Call It A Ritual

Despite the fact that recorded music comes to us in a variety of forms — old, new, emerging, tactile, and weightless — there is still the moment when it arrives in our hands or to our ears. And when we download that album onto computers, phones, and iPods, or we purchase a CD or LP, we have specific ways to go about unleashing those songs.

The process of first hearing an album is a ritual I love. Different from buying a single song, the acquisition of a new album carries a ceremonious quality. Naturally, the experience depends somewhat on the expectations each of us has toward an artist or band. A theretofore unheard-of artist might reveal a less careful or considered listening, but a sophomore album released after a long delay, or the follow-up to an artist's most popular or critically acclaimed release, might induce more scrutiny, or even an anxious first listen.

For me, the ritual associated with hearing an album for the first time depends on the format. With CDs or vinyl, the tearing off of the packaging and the opening of the booklet is part of the process. Often, the first track is playing and I'm still exploring the artwork, the lyrics, the production credits, and the "thank you" list. These distractions often force me to go back to the first few tracks again. With vinyl, I might flip the record over a few times or revel in the smooth, almost magical surface from which the music will emerge. With these formats, it becomes more than an aural experience, but a fully sensory one. I like to think that hearing a new album is like a first-time meeting: You try to have a mix of open-mindedness, curiosity, and a bit of healthy skepticism.

I'm often fidgety at first.Sitting, then standing, then pacing, noticing each time I'm drawn in or losing interest. Other times, the ritual involves doing something other than merely listening — for example, putting on the album and then cleaning the house, making dinner, or talking on the phone. That process is employed more toward bands with which I'm unfamiliar, in the hope that I'll hear something from the other room and want to run back toward the speakers for a closer inspection.

Context also plays a role. A first listen in an office environment is a much more private, even furtive ritual: The headphones are filled with a distraction due to the unfamiliarity of the songs. In a car, the ritual of hearing a new album might involve excessive volume; for some, these are the best speakers we have, which certainly changes the experience.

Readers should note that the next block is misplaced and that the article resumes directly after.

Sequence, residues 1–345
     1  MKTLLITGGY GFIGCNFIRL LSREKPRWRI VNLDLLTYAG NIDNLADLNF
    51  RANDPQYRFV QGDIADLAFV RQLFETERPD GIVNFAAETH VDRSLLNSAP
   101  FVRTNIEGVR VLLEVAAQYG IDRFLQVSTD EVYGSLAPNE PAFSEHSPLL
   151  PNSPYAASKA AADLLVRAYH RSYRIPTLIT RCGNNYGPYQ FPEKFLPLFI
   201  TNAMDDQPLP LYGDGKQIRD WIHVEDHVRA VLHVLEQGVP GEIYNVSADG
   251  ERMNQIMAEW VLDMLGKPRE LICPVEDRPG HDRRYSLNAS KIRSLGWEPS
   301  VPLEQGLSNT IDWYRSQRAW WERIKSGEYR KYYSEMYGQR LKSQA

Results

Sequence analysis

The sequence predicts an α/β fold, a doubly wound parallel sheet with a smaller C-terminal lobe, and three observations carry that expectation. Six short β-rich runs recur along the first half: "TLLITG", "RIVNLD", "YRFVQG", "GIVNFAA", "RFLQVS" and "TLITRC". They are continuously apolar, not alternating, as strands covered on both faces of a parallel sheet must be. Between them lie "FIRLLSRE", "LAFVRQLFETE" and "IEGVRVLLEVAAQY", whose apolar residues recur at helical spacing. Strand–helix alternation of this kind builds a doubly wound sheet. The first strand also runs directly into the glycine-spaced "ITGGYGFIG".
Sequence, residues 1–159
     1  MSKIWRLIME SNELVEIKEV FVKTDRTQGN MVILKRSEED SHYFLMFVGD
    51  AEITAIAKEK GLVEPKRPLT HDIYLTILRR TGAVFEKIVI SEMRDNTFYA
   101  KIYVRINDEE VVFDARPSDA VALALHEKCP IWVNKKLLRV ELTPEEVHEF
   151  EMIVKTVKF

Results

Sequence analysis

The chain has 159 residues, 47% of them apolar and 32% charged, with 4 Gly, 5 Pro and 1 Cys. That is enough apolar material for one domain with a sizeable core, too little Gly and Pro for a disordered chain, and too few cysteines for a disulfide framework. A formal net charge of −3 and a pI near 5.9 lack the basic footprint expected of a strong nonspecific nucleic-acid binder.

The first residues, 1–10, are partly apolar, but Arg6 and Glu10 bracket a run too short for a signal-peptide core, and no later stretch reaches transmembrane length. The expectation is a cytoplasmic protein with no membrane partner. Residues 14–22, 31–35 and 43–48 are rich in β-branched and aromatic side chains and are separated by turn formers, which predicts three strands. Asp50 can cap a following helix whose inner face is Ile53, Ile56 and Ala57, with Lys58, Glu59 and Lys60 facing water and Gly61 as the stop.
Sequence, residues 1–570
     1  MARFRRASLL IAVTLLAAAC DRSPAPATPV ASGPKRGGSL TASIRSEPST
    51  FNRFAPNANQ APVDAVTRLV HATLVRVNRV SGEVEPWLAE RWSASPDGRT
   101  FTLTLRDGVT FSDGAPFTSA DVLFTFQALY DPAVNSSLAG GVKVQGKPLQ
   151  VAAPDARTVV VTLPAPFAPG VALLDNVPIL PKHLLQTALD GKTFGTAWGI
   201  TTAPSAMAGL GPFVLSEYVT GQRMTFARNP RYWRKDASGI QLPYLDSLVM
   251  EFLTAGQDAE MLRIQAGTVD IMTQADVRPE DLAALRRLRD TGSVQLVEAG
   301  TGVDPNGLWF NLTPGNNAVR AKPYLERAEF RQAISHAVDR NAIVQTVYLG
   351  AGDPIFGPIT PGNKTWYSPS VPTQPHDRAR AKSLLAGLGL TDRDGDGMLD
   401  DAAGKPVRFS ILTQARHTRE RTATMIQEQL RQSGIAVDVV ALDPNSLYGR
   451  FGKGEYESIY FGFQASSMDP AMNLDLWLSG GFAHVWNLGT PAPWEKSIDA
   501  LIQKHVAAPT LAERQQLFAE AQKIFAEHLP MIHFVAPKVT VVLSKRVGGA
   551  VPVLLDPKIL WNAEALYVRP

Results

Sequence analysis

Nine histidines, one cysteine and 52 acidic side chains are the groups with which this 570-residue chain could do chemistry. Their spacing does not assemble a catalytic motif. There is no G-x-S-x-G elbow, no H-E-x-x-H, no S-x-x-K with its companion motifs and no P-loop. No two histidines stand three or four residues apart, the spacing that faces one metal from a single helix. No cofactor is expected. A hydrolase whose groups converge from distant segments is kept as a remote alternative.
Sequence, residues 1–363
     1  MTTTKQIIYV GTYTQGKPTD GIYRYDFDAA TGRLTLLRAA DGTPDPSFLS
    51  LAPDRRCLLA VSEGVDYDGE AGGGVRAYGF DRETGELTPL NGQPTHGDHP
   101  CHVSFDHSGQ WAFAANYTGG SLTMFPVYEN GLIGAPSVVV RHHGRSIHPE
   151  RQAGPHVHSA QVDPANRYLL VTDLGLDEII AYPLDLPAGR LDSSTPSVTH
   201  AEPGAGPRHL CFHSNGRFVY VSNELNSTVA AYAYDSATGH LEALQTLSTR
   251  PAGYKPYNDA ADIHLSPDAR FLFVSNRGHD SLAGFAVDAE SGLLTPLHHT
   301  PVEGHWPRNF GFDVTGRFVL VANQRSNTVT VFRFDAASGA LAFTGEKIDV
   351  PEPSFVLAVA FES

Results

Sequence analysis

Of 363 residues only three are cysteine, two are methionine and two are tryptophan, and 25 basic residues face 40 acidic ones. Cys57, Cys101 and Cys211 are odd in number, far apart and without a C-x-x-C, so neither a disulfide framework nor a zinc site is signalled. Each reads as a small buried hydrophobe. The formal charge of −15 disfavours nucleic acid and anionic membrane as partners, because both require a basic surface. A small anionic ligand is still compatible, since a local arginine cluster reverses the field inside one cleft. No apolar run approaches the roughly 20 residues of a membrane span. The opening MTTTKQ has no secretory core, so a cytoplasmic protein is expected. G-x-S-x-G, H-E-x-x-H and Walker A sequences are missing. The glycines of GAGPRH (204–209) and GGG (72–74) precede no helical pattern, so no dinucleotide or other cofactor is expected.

Some of us listen to these new albums straight through, beginning to end. Others start with songs we might have already heard — the single, an early download. Occasionally, we might get stuck on a song, fall in love early on, and not get past Track 3 for hours. No matter what the process, the means, or the context for hearing a new album, most of us have developed a physical or emotional routine — some sacred, some mundane — but we carry it out regardless.

So, what are your rituals when hearing a new album for the first time?



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I think you pretty much summed up how I listen to new albums; it completely depends on what preceded the album, how I feel about the artist, where/when I'm listening, etc.

The other day I was so nervous about listening to a new album by an artist I love, I started crying 20 seconds into the first song and there appeared to be no real reason for it. Maybe I take it all too seriously.

Sent by Leah | 1:58 PM | 7-24-2008

I the kind of guy that likes to stop and smell the roses. When I instantly connect with a song, I will play the hell out of that song until every note is as familiar as the freckles on my girlfriend's face. Then it's onto the next song.

Sent by alex from philly | 2:27 PM | 7-24-2008